There can never be too many condiments. Tomatoes are the vehicle that often drives these concoctions — salsa, harissa, and ketchup, to name a few — to stardom. Another tomato-based sauce, matbucha, is starting to gain more mainstream popularity as it's increasingly sold premade. Of course, the zesty Moroccan mix of tomatoes, red peppers, olive oil, garlic, and spices has a long history in households and restaurant kitchens, but this relative newcomer to the manufactured condiment game certainly is worth paying attention to.
Matbucha likely originated in the cuisines of the Maghreb region in North Africa, which includes countries like Egypt and Tunisia, but it's most strongly associated with Moroccan cuisine. Matbucha means "cooked" in Arabic, and it is made by slowly cooking down fragrant roasted garlic, juicy tomatoes, oil, and sweet and/or hot peppers with a selection of North African spices that change from cook to cook — cumin, paprika, and turmeric are all likely to make an appearance. Its flavor is a balanced union of acidity, heat, saltiness, and sweetness. In Israel, where many Moroccan Jews have roots, matbucha is a common picnic and breakfast accompaniment to cooked meals, sandwiches, and barbecue, beloved by myriad ethnicities within the country. It's also a frequent member of the salatim, or salads, in a meze spread you'd find at a Mediterranean restaurant. Its popularity in Israel is perhaps best showcased by the fact that it's manufactured by a number of local brands and sold at grocery stores. In the U.S., it's been primarily a home-cooked indulgence — until now.
While different matbucha products by Israeli brands and American kosher manufacturers can be found online at U.S.-based kosher supermarkets, in 2021, a few U.S.-based independent brands started experimenting with selling premade "boutique" matbucha. Curiously enough, it's matbucha's second spin on the U.S. market: It was once manufactured by larger condiment brands Sabra and Pikante, but both have ceased production of matbucha.
This time around, brands are giving it an artisanal spin. One of them is New York Shuk, owned by Israeli couple Leetal and Ron Arazi. The two launched their brand with Middle Eastern staples better known to American customers, like harissa and za'atar, but in recent years have expand their assortment to numerous dry spices as well as matbucha. New York Shuk currently offers a classic matbucha made with tomatoes, Hatch chile peppers, garlic, and paprika, as well as a more unorthodox option featuring olives and mint, which aren't common ingredients in the classic recipe.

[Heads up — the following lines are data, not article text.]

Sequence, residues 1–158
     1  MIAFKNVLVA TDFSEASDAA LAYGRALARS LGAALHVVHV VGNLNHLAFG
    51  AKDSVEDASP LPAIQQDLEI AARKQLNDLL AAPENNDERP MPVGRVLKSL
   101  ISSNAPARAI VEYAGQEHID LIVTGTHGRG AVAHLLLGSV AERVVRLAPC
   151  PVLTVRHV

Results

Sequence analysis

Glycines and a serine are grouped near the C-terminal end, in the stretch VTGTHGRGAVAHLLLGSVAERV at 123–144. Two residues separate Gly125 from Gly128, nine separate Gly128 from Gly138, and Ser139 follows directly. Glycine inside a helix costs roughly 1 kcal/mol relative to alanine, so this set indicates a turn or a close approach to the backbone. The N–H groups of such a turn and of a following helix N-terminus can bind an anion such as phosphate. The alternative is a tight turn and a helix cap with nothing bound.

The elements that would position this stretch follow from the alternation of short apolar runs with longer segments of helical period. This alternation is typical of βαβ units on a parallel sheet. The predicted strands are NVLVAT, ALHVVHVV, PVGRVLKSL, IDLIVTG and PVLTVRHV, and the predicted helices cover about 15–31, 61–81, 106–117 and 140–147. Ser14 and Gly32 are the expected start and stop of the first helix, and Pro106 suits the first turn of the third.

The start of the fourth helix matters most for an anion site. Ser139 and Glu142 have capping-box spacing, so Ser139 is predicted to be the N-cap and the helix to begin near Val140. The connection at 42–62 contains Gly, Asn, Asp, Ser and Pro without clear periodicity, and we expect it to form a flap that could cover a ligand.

"The Middle Eastern pantry has such a rich culinary heritage and breadth of flavors, beyond the two or three that exist commonly on store shelves," said Leetal. Matbucha, she said, is especially versatile since it works perfectly as a spread — try it on a piece of freshly fried malawach — and as a simmering sauce for stews. Purists like nothing more than dipping fresh bread into it. Ron still remembers his mother's homemade version: "When her matbucha was ready, she would spoon it into jars, then we would dive in to the cooking pot, warm challah in hand, to sop up every leftover bit."
On the other side of the country, GarLic It, a Bellevue, Washington, brand dedicated to all things garlic, recently launched its own spicy matbucha. The condiment also has been recently made available for online ordering by the Butcherie, a Massachusetts-based kosher online store.
GarLic It founder Lance Kezner discovered matbucha at a friend's house. "She made it to go with the meal, we tasted it, and we were hooked," he said. Looking at the condiment through a garlicky lens, he played around with a recipe for over three months, trying 10 different versions, before launching the final result a few months ago. It features, among olive oil and spices, caramelized garlic as a base.
As for how to use matbucha, the sky is really the limit. The condiment's spicy, savory nature will punch up even the most basic of avocado toasts. Use it as a base for shakshuka instead of canned tomatoes. Give it a go in a Tunisian sandwich, or casse-croûte — a bun stuffed with tuna, hard-boiled eggs, pickles, and preserved lemons. Try it in a wintry stew instead of tomato paste or harissa, or spoon over scrambled eggs in the morning. You certainly don't have to use it exclusively with dishes that slant Middle Eastern or Mediterranean: "Wrap Brie with puff pastry, top with matbucha, and bake," suggested Kezner. "Or make a Greek omelet with feta, minced red onions, and Kalamata olives." You really can't go wrong.